Theresa Andrews

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Theresa Andrews
Personal information
Nationality  United States
Born (1962-08-25) August 25, 1962 (age 52)
New London, Connecticut
Height 5 ft 6 in (1.68 m)
Weight 137 lb (62 kg)
Sport
Sport Swimming
Stroke(s) Backstroke
Club North Baltimore Aquatic Club
College team Indiana University
University of Florida

Theresa Andrews (born August 25, 1962) is an American former competition swimmer who was a two-time Olympic gold medalist.

Early years[edit]

Andrews was born in New London, Connecticut in 1962, and trained at the North Baltimore Aquatic Club as an age group swimmer.[1]

College career[edit]

Andrews accepted an athletic scholarship to attend the Indiana University in Bloomington, Indiana, and swam for the Indiana Hoosiers swimming & diving team in National Collegiate Athletic Association (NCAA) and Big Ten Conference competition during the 1980–81 school year, winning six Big Ten titles.[2] After her freshman season, Andrews transferred to the University of Florida in Gainesville, Florida, where she swam for coach Randy Reese's Florida Gators swimming and diving team in NCAA and Southeastern Conference (SEC) competition in 1982 and 1983. As a Gator, she won back-to-back SEC titles in the 50-yard and 100-yard backstroke events, and was a member of six SEC championship relay teams.[3] She was a three-time NCAA champion (twice in the 400-yard medley relay, and once in the 200-yard medley relay), and received thirteen All-American honors.[3] The Gators won the 1982 NCAA women's team championship,[3] and the Gators' winning 400-yard medley relay team of Andrews, Amy Caulkins, Michelle Kurtzman and Kathy Treible set a new American national record in the event of 3:40.99.[4] Andrews, together with teammates Kurtzman, Treible and Tracy Caulkins, won the NCAA 400-yard medley relay event again in 1983, and the team placed second overall at the NCAA championship tournament.[3]

1984 Olympics[edit]

Andrews won two gold medals at the 1984 Summer Olympics in Los Angeles, California.[1] She won her first gold in the women's 100-meter backstroke, narrowly edging fellow American Betsy Mitchell by eight one-hundredths (.08) of a second for final time of 1:02.55.[1][5] She earned her second gold as a member of the winning U.S. team in the women's 4x100-meter medley relay event, sharing the honor with American teammates Tracy Caulkins, Mary T. Meagher and Nancy Hogshead.[1][6] Andrews gave her first Olympic gold medal to her brother in a private gathering, honoring him for his courage after he was paralyzed at the age of 19.[7]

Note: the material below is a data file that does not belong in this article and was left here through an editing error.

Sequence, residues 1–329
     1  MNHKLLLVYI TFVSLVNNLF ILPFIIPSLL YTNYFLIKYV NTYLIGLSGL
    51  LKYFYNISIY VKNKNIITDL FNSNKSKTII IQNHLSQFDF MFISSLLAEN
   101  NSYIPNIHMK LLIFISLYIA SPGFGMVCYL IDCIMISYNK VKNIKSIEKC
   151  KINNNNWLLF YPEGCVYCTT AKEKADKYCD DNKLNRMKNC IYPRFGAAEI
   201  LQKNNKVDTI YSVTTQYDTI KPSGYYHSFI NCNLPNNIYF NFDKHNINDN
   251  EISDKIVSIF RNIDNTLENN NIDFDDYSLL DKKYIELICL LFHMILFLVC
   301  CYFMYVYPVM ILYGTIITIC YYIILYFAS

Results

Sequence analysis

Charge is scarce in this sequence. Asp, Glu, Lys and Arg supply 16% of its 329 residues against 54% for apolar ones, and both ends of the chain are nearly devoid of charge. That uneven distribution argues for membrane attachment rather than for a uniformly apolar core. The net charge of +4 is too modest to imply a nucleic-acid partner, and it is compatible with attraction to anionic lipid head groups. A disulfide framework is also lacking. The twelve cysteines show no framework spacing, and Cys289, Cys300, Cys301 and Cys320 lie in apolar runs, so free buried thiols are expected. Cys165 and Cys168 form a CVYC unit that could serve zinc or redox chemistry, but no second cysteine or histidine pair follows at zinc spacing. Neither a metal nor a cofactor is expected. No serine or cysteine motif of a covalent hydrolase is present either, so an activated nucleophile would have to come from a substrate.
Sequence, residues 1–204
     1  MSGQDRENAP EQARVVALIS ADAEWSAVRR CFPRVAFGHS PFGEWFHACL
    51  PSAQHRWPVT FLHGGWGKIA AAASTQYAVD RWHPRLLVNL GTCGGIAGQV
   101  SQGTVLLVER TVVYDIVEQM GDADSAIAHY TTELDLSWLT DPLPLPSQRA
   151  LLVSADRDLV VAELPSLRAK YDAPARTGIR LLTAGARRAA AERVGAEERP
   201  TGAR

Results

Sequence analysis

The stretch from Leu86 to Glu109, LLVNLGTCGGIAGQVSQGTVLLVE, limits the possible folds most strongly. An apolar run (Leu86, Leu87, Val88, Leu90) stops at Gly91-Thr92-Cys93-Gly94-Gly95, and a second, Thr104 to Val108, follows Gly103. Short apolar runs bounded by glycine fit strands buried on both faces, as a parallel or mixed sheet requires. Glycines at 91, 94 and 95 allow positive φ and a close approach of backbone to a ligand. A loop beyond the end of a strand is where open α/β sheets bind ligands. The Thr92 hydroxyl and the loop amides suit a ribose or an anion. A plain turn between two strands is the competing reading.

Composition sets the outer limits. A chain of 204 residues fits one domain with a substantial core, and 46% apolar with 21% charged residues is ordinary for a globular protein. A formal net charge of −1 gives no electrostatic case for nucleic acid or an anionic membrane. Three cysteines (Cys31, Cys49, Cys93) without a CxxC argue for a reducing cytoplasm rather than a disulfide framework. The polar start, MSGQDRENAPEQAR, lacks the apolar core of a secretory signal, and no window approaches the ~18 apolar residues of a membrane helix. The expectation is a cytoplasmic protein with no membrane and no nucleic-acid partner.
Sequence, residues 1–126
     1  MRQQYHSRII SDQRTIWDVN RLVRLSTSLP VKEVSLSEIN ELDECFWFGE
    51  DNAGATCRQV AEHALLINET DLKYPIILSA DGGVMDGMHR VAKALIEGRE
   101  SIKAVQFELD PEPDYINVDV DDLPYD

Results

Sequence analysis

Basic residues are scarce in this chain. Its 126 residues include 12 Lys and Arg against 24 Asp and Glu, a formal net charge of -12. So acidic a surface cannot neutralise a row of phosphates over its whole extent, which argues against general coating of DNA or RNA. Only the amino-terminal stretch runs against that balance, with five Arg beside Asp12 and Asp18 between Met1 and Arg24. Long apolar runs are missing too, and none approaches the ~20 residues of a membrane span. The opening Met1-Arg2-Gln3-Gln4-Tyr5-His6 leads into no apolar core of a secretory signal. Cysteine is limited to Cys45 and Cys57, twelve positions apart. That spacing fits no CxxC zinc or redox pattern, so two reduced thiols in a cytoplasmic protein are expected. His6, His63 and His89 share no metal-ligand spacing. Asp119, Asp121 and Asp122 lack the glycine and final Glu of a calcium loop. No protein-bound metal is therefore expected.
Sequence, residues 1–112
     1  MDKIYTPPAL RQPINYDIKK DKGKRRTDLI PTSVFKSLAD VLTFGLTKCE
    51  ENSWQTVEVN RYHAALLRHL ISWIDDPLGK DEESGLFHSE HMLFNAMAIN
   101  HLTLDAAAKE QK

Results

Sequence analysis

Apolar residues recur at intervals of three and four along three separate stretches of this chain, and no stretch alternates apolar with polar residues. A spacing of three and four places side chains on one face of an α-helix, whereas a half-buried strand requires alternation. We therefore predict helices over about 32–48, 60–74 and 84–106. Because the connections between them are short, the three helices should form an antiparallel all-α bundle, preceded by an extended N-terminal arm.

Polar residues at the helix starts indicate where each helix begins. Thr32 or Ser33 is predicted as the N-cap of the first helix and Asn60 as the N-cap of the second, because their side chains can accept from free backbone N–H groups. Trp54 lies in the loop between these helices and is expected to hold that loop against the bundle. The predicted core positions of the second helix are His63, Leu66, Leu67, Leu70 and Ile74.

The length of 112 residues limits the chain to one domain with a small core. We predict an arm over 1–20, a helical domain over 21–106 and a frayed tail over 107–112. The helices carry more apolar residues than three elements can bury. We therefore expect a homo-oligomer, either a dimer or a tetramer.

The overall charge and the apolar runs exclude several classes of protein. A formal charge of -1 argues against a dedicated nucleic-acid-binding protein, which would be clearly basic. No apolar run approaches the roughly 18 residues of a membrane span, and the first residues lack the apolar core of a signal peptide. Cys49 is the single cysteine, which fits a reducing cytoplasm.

Life after swimming[edit]

Andrews graduated from the University of Florida with a bachelor's degree in therapeutic recreation in 1986, and thereafter, from Ohio State University with a master's degree in clinical social work.[7] From 1992 to 1999, she worked as a clinical social worker in children's hematology and cancer treatment at the University of Virginia Health Science Center.[2] Andrews has worked for MBNA America and Bank of America since 1999; as a Bank of America vice president and market manager for consumer banking, she currently oversees fifteen banking centers in Delaware and Pennsylvania.[2][8]

Andrews also gives motivational speeches for corporations, conferences, community groups and schools, usually on the topics of individual potential and the importance of teamwork in achieving goals, and drawing on the values of the Olympic movement.[7]

Andrews is a member of the U.S. Olympic Committee,[7] and has served as a volunteer for the U.S. Olympic Alumni Association since 2004.[2] She is also a veteran celebrity swimmer for Swim Across America (SAA), a charitable organization that uses former Olympic swimmers to raise funds for cancer research, and has participated in SAA events for nine years.[7]

In 2008, Andrews received the NCAA's Silver Anniversary Award, which recognizes successful former student-athletes who have excelled in their careers after graduation.[2]

See also[edit]

References[edit]

  1. ^ a b c d Sports-Reference.com, Olympic Sports, Athletes, Theresa Andrews. Retrieved November 15, 2012.
  2. ^ a b c d e "Former Gator Swimmer Theresa Andrews Receives NCAA Silver Anniversary Award," GatorZone.com (January 13, 2008). Retrieved September 25, 2010.
  3. ^ a b c d Florida Swimming & Diving 2011–12 Media Supplement, University Athletic Association, Gainesville, Florida, pp. 61, 62, 65, 68, 73, 79 (2011). Retrieved April 10, 2012.
  4. ^ Associated Press, "Caulkins Leads Lady Gator Swimmers," Ocala Star-Banner (March 20, 1982). Retrieved June 4, 2011.
  5. ^ Sports-Reference.com, Olympic Sports, Swimming at the 1984 Los Angeles Summer Games, Women's 100 metres Backstroke Final. Retrieved November 15, 2012.
  6. ^ Sports-Reference.com, Olympic Sports, United States Swimming at the 1984 Los Angeles Summer Games. Retrieved November 15, 2012.
  7. ^ a b c d e Swim Across America, Olympians, Theresa Andrews. Retrieved September 25, 2010.
  8. ^ "Gold medalist Andrews swims to top ranks of B of A," Philadelphia Business Journal (August 18, 2008). Retrieved June 4, 2011.